After a death intestate, a Grant of Letters of Administration must be applied for. But who applies for the Grant, and what happens when there are conflicting claims?
In this case, the court was faced with an application for a Grant of Letters of Administration alongside the rectification of the Death Certificate of the late Mr James Olayiwola Akanbi Lambo. The claimant, Mrs Patricia Lambo applied on the basis that she was his surviving spouse. However, the defendant, Mrs Esther Olufunmilayo Lambo, also claimed to be Mr Lambo’s surviving spouse.
The Defendant married Mr Lambo in 1962 in Nigeria, whereas the Claimant had married him in 1993 also in Nigeria. Throughout the proceedings it became clear that Mr Lambo had been involved with numerous women, certain of which he also married. The Defendant’s daughter gave evidence of her knowledge that Mr Lambo was effectively running two households at the time of his death.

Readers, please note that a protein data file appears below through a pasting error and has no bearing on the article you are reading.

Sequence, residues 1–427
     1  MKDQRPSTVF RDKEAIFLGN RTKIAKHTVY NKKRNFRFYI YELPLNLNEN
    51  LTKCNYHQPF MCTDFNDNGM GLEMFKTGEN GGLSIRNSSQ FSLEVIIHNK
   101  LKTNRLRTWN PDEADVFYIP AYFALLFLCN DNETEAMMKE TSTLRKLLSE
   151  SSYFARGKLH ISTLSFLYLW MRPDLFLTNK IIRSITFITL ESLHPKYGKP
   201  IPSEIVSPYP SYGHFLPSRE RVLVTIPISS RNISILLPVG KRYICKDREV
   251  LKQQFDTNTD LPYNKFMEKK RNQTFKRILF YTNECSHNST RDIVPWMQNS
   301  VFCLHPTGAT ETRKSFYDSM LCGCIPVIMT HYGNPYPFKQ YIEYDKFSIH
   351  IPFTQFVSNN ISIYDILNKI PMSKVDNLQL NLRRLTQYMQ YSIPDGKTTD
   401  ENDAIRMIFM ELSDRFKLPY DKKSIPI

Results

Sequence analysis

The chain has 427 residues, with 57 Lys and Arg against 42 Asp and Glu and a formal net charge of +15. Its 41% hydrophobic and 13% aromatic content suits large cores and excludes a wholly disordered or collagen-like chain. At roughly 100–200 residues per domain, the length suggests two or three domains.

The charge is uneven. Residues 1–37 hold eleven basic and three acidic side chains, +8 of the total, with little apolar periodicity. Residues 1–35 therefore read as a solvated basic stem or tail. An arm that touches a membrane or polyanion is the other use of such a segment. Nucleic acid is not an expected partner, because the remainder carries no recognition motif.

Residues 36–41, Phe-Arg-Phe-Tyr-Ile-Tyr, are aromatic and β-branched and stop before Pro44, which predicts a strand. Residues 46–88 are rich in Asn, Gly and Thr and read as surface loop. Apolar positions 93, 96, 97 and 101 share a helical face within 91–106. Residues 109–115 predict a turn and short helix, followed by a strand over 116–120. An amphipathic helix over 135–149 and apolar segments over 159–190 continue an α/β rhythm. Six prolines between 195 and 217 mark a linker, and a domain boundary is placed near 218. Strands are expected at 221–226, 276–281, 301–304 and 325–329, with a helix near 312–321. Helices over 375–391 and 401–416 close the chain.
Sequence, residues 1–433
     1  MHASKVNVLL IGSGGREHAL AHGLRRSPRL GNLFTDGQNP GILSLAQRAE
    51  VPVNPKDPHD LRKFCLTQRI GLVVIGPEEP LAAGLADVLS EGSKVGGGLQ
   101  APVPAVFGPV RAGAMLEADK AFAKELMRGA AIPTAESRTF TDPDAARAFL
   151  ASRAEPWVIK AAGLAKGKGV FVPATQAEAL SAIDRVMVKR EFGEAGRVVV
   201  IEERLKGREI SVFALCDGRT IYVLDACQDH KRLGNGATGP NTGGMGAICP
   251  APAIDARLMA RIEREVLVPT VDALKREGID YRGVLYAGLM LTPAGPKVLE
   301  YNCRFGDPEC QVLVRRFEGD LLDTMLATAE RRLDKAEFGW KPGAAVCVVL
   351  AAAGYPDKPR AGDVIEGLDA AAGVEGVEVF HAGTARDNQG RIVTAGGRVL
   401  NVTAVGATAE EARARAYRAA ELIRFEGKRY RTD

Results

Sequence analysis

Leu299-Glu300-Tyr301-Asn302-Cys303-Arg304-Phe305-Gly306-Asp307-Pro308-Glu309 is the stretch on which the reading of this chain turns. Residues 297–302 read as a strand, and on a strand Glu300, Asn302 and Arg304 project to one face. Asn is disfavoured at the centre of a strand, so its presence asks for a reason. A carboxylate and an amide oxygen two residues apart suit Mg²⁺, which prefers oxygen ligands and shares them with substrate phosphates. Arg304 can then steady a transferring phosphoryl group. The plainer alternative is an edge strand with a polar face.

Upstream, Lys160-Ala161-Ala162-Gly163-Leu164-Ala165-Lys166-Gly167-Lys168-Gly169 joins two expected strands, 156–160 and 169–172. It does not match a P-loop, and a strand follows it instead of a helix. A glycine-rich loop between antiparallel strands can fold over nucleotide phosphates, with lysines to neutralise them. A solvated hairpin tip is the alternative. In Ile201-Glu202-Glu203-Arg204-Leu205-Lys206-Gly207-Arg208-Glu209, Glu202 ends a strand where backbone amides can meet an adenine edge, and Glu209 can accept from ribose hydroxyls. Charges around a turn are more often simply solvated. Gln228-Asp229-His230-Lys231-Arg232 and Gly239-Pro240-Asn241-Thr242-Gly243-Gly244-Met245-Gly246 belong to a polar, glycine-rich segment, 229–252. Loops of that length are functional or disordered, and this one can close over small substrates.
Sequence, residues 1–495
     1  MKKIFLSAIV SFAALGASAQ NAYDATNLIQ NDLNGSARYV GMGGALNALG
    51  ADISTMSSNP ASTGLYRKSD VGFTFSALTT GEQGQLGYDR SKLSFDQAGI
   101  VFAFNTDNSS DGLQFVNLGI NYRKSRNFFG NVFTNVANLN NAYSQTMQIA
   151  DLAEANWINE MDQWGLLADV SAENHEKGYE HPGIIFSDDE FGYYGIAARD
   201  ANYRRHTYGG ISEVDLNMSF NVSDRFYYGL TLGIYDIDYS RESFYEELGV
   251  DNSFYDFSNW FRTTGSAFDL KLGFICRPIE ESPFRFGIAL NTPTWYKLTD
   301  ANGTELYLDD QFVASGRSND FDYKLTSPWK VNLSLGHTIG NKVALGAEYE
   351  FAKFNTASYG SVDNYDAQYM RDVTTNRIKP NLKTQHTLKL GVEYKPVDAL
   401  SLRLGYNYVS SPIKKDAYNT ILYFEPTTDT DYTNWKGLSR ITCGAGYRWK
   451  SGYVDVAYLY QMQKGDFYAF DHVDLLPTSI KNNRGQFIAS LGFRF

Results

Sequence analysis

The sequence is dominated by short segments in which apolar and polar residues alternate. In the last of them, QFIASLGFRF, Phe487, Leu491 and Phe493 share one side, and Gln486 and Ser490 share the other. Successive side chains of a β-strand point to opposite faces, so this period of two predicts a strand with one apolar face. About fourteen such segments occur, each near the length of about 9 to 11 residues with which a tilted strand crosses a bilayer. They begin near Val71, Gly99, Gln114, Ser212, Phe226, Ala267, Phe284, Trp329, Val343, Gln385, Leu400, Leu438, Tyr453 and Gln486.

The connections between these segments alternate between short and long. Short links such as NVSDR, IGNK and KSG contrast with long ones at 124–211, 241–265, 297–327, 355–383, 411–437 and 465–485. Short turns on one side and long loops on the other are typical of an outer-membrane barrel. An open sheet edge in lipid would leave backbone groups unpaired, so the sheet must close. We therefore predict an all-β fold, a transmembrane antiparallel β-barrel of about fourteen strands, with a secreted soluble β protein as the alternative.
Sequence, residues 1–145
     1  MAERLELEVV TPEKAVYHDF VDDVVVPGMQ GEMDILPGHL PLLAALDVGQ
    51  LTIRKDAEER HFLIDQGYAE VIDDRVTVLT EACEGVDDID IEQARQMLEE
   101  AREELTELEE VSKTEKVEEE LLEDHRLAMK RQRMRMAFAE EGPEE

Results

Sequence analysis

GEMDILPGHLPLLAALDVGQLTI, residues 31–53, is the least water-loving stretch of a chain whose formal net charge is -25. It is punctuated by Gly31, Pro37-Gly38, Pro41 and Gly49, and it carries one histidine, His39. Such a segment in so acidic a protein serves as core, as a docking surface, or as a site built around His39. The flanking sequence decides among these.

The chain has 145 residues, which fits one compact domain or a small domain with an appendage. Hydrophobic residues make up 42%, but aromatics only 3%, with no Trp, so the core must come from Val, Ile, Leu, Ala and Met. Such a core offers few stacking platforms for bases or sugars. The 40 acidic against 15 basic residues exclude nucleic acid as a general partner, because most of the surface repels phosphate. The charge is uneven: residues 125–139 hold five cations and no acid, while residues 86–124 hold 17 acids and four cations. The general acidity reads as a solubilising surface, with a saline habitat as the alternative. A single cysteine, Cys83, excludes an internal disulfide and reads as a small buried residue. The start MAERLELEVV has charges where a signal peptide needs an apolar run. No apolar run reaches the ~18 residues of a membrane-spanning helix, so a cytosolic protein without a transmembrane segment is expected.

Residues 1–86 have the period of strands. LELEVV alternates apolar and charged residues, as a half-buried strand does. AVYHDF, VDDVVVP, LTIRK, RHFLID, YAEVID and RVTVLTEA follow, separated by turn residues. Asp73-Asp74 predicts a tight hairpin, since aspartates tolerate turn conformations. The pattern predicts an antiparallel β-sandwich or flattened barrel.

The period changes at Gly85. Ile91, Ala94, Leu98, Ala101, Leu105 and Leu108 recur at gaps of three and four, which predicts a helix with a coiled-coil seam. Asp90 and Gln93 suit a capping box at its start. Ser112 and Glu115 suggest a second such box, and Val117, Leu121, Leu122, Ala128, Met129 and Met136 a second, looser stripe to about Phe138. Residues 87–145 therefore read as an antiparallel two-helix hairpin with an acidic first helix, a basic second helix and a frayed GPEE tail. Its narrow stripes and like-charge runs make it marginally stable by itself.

The marriage of Mr Lambo to the Claimant was not questioned, however a Decree Absolute of their alleged divorce was produced with doubted authenticity. It was the question of whether this divorce occurred which would determine whether the Claimant was entitled to a Grant of Probate. Conversely, the evidence of the Defendant’s initial marriage to Mr Lambo was inconclusive and open to doubt, and thus could not establish her firmly as a surviving spouse.
As a result, the Judge relied on the presumption of marriage between the Claimant and Mr Lambo on the overwhelming evidence that Mr Lambo and the Claimant had been living together as husband and wife up to his death. No such presumption could be made in favour of the Defendant. He therefore declared that only the Claimant would be entitled to the Grant of Representation.